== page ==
Jaynie Anderson Carlton, Australia: Miegunyah Press, , — On Indonesian social behaviors of dominance, see Webb Keane, Signs of Recognition: Powers and Hazards of Representation in an Indonesian Society Berkeley: University of California Press, See Homi K. Russell Ferguson et al. Cambridge, Mass. On how the rhetoric of the colonial powers furthered this reputation, see Benjamin Schmidt, Innocence Abroad: The Dutch Imagination and the New World, — Cambridge: Cambridge University Press, , and Margaret R.
Greer, Walter D. Mignolo, and Maureen Quilligan, eds. Swati Chattopadhyay, Representing Calcutta: Modernity, Nationalism, and the Colonial Uncanny London: Routledge, ; and Brenda S. Yeoh, Contesting Space: Power Relations and the Urban Built Environment in Colonial Singapore Kuala Lumpur: Oxford University Press, The authority on the early Dutch Republic is Jonathan Israel, The Dutch Republic: Its Rise, Greatness, and Fall — Oxford: Clarendon Press, ; for an introduction to Dutch as traders, see C.
Boxer, The Dutch Seaborne Empire — New York: Penguin Books, On the Spice Island trade, see Anthony Reid, Southeast Asia in the Age of Commerce —, 2 vols. Meilink-Roelofsz, Asian Trade and European Influence in the Indonesian Archipelago between and about The Hague: Martinus Nijhoff, For a reorientation of the Western account of this trade, see Robert Markley, The Far East and the English Imagination, — Cambridge: Cambridge University Press, , which despite the title, includes other European powers, especially the Dutch.
Jacobs, In Pursuit of Pepper and Tea: The Story of the Dutch East India Company Zutphen: Walberg Pers, , 7—12; and on Houtman, see Julie Berger Hochstrasser, Still Life and Trade in the Dutch Golden Age New Haven: Yale University Press, , —2, and n Hochstrasser, Still Life , ; she also describes other atrocities committed by the Dutch. This reference, 4—5. The oddly fortuitous series of events is detailed in Abeyasekere, Jakarta , 11— Israel, The Dutch Republic , Joep Leerssen, National Thought in Europe: A Cultural History Amsterdam: Amsterdam University Press, , 39ff.
It is interesting to note that the sumptuary laws became necessary after the city and the VOC began their slow decline. Jan de Vries and Ad van der Woude specifically identify as the turning point after which profits slow: Jan de Vries and Ad van der Woude, The First Modern Economy: Success, Failure, and Perseverance of the Dutch Economy, — Cambridge: Cambridge University Press, , ff; Els M.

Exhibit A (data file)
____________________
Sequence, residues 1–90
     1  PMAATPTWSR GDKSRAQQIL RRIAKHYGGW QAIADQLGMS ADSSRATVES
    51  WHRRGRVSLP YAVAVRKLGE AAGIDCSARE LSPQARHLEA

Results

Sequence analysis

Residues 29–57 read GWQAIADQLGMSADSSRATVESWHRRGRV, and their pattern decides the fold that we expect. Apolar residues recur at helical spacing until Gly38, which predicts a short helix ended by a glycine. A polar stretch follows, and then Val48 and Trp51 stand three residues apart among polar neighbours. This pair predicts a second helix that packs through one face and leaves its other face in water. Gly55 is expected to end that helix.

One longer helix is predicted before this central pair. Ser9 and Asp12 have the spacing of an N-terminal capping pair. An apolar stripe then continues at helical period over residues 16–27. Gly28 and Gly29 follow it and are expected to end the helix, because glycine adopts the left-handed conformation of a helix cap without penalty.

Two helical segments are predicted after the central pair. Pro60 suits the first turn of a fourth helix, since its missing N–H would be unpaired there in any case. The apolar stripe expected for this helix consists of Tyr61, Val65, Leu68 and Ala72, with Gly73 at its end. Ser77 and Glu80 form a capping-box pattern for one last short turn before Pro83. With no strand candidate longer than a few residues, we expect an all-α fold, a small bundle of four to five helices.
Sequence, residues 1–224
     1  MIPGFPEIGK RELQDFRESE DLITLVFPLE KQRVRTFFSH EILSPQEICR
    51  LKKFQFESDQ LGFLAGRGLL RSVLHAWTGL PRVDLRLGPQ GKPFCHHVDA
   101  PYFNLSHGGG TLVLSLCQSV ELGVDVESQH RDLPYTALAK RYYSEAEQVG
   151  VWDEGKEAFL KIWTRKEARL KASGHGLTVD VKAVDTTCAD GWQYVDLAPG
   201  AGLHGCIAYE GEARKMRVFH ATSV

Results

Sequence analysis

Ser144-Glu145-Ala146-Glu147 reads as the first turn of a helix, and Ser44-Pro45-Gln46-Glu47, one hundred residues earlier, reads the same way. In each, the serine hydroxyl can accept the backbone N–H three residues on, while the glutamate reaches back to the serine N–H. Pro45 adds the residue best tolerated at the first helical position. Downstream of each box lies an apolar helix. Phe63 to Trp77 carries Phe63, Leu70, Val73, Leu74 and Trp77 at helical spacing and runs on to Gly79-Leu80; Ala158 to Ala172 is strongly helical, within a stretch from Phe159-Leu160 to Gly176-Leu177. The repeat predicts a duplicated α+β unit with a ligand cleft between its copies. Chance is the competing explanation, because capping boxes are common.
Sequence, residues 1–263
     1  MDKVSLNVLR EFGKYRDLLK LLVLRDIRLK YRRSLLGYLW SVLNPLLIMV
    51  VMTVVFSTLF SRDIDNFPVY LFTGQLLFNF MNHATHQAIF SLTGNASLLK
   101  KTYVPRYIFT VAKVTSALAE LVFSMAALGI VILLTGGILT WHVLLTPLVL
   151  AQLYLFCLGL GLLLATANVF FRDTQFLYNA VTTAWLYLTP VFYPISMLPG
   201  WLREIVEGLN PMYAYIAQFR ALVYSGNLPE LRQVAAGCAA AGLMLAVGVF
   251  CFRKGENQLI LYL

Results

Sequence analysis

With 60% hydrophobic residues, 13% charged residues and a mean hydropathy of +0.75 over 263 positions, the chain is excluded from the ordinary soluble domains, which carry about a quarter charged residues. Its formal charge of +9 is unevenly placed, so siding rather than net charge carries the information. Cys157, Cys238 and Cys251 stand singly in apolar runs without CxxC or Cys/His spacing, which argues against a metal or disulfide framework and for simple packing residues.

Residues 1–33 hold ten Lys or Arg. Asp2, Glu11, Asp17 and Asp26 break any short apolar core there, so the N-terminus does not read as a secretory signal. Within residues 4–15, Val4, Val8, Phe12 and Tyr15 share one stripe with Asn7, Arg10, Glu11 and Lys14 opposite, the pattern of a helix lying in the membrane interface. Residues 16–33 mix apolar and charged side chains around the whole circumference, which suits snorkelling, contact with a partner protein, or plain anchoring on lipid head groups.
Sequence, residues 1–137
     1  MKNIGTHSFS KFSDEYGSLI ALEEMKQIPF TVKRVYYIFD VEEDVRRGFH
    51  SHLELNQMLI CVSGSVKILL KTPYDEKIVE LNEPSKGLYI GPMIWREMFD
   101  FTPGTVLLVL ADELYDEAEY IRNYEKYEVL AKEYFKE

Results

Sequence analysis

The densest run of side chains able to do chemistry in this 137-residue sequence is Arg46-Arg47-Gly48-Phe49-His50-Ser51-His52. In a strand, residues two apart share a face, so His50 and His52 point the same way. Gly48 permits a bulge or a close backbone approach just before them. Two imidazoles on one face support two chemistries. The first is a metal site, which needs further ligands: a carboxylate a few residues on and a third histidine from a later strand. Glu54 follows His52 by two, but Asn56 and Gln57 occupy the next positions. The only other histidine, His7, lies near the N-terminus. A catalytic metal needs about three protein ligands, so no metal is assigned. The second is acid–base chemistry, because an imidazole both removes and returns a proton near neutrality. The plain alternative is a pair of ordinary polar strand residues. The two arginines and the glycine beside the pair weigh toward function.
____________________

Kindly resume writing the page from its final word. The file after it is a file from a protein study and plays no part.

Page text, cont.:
Jacobs shows that the VOC was too inflexible to accommodate these changes in supply and demand. Els M. Because of new saltwater ponds established along the shore of Batavia, a strain of malaria began affecting new arrivals in the city; the mortality of VOC employees increased from six percent within the first year of arrival to fifty percent beginning in This incredible strain on the employees of the VOC meant that the company dramatically increased the number of employees they recruited and sent to the East.
This cost the VOC terribly and destroyed the profitability of the company in the eighteenth century. Peter H. Kees Grijns and Peter J. Nas Leiden: KITLV Press, , 43— Accessed September 2, Linda M. A comparison to the contemporary Dutch colonial city of New Amsterdam New York shows a distinct difference in levels of planning: New Amsterdam developed organically, not following a grid, while Batavia was planned from its inception.
Higgins, The Grid Book Cambridge, Mass. Abeyasekere, Jakarta , Robert J. Ross and Gerard J. The map illustrated here was published in , after being redrafted in by copying the version. Both the and versions exist in multiple copies, published throughout the following centuries. This map was produced directly after the establishment of the sumptuary laws outlawing the wearing of jewels or golden costume refinements for all but the highest-ranking VOC officials. In , Batavia was lost to England and was ruled until by British Lieutenant-Governor Thomas Stamford Bingley Raffles, the founder of Singapore.